A good tool to have in your posession for such problems is the mole-to-mole ratio between the species involved in a reaction. Mole ratios can be set up between different reactants, different products, or between reactants and products.
Let's work an example to better illustrate this:
How many grams of methane must be burned in order to produce 15.6 g of
Notice that we have a
This amounts to a mass of methane equal to
However, this example assumes a 100% yield for this reaction, something that does not happen in actual reactions.
Let's take the same example, but add that the reaction has a 83.3% yield. 15.6 g of water are now produced at a smaller yield, which means that more methane must react this time.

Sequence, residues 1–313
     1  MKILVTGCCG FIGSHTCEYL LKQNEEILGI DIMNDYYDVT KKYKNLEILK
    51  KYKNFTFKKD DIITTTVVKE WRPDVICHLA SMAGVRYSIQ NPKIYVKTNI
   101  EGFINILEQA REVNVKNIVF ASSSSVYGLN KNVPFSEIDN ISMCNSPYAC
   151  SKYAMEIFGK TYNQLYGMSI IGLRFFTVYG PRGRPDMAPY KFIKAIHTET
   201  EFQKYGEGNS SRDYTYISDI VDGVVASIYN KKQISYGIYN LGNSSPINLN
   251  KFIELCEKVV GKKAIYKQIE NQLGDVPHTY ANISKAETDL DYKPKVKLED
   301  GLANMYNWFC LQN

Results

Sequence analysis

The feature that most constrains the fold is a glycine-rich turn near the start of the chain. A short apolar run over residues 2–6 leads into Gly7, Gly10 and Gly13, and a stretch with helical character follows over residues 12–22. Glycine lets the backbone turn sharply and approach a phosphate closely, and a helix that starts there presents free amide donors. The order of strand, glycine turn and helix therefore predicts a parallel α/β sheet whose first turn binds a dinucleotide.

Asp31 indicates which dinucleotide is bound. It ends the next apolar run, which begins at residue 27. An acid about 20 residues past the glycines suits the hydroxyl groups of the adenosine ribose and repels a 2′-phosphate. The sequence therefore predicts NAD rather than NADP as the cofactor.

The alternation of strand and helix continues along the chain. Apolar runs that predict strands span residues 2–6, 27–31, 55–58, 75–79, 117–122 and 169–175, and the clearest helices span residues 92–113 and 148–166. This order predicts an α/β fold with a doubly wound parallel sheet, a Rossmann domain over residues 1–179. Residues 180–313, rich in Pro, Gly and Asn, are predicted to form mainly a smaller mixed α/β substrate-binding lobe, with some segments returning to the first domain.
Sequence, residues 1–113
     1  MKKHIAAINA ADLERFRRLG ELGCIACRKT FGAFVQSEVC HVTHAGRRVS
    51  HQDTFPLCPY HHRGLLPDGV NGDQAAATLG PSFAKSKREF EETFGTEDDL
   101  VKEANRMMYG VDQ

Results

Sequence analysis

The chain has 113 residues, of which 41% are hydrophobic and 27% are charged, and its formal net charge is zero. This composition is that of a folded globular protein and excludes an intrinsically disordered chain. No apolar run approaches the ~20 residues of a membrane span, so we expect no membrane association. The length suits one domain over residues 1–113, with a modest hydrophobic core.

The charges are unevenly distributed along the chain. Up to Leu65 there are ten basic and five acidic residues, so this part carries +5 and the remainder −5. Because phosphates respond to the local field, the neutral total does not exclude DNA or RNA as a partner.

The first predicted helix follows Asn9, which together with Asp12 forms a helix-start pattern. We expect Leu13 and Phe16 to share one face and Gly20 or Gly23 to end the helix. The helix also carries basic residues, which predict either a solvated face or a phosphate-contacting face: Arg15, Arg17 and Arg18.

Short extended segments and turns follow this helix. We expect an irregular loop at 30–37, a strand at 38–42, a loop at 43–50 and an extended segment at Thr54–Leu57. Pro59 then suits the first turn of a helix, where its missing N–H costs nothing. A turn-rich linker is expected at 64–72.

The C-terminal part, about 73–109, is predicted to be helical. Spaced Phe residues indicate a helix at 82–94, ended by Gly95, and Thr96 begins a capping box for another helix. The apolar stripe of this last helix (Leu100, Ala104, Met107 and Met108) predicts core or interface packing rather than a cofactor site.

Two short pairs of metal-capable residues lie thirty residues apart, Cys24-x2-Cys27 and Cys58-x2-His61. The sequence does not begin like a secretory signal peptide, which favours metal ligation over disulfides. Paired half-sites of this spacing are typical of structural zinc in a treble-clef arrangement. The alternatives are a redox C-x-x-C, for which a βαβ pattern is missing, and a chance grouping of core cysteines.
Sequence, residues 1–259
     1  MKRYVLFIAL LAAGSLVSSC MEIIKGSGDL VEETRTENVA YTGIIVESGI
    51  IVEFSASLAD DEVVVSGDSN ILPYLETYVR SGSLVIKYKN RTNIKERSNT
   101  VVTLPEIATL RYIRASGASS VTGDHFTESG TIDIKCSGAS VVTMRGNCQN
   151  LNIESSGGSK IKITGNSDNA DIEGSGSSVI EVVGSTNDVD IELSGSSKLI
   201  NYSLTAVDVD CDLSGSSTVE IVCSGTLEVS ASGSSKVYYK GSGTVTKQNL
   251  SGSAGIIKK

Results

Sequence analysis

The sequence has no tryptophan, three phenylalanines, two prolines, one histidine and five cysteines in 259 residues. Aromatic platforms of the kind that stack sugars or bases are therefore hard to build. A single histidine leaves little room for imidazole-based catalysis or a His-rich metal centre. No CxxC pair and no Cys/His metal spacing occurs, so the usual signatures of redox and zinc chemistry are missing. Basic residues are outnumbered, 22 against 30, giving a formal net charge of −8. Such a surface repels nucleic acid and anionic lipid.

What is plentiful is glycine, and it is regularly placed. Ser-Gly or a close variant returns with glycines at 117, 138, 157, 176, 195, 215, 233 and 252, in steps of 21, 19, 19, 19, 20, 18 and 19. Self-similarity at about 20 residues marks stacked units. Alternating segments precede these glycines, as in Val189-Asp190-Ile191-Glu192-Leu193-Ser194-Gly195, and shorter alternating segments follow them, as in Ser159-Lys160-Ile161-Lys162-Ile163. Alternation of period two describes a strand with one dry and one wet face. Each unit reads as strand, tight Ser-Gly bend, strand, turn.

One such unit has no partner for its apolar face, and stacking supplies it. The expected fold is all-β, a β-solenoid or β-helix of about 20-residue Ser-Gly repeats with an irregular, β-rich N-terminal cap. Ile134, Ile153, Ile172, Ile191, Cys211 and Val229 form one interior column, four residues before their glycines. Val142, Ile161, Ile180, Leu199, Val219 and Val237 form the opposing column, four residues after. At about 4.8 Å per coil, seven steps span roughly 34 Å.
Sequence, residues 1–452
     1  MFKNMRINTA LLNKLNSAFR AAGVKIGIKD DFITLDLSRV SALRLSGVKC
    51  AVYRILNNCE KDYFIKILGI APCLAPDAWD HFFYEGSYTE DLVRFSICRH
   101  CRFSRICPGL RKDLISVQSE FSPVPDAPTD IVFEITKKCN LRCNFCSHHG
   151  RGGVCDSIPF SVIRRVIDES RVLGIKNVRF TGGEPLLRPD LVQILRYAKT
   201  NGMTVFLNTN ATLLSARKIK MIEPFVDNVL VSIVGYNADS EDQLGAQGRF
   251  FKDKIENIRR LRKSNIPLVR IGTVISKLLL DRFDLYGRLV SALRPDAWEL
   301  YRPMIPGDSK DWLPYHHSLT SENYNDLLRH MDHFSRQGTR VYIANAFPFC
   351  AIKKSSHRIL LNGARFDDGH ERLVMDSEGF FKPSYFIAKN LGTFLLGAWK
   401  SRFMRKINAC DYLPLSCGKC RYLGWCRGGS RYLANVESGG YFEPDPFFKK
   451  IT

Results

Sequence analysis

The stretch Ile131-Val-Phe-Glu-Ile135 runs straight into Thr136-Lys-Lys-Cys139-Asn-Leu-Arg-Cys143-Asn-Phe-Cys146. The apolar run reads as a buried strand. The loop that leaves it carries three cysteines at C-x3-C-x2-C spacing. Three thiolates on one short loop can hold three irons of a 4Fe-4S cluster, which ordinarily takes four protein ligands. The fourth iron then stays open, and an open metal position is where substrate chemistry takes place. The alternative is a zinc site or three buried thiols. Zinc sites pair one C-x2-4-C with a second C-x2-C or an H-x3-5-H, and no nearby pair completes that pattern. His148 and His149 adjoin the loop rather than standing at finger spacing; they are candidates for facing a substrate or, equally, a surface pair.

We know that a 83.3% yield produces 15.6 g of water, so this is our practical yield. We can determine how much would be produced for a 100% yield:
This means that the mass of methane that actually reacts
Indeed, more methane is needed this time to produce the same amount of water because of the difference in percent yield.
Notice that the mole ratio between methane and water was used in this cas as well. So, if a reaction's percent yield is not specified, assume it to be 100%. If it is specified, use it to determine the actual quantity that reacts (or is produced).